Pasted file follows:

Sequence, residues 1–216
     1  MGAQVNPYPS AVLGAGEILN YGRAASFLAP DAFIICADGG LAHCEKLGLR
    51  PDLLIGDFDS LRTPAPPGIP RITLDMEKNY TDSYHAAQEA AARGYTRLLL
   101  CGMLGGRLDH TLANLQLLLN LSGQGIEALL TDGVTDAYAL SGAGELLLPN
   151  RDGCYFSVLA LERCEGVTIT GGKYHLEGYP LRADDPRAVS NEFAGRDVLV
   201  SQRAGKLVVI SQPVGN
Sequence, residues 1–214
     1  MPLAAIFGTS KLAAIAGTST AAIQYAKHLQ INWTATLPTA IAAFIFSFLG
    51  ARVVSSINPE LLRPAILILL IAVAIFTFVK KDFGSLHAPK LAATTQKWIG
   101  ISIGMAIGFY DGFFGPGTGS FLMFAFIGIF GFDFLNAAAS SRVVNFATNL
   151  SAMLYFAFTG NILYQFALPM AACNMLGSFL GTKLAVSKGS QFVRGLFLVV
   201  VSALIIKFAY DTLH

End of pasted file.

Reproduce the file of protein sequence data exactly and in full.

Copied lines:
Sequence, residues 1–216
     1  MGAQVNPYPS AVLGAGEILN YGRAASFLAP DAFIICADGG LAHCEKLGLR
    51  PDLLIGDFDS LRTPAPPGIP RITLDMEKNY TDSYHAAQEA AARGYTRLLL
   101  CGMLGGRLDH TLANLQLLLN LSGQGIEALL TDGVTDAYAL SGAGELLLPN
   151  RDGCYFSVLA LERCEGVTIT GGKYHLEGYP LRADDPRAVS NEFAGRDVLV
   201  SQRAGKLVVI SQPVGN
Sequence, residues 1–214
     1  MPLAAIFGTS KLAAIAGTST AAIQYAKHLQ INWTATLPTA IAAFIFSFLG
    51  ARVVSSINPE LLRPAILILL IAVAIFTFVK KDFGSLHAPK LAATTQKWIG
   101  ISIGMAIGFY DGFFGPGTGS FLMFAFIGIF GFDFLNAAAS SRVVNFATNL
   151  SAMLYFAFTG NILYQFALPM AACNMLGSFL GTKLAVSKGS QFVRGLFLVV
   201  VSALIIKFAY DTLH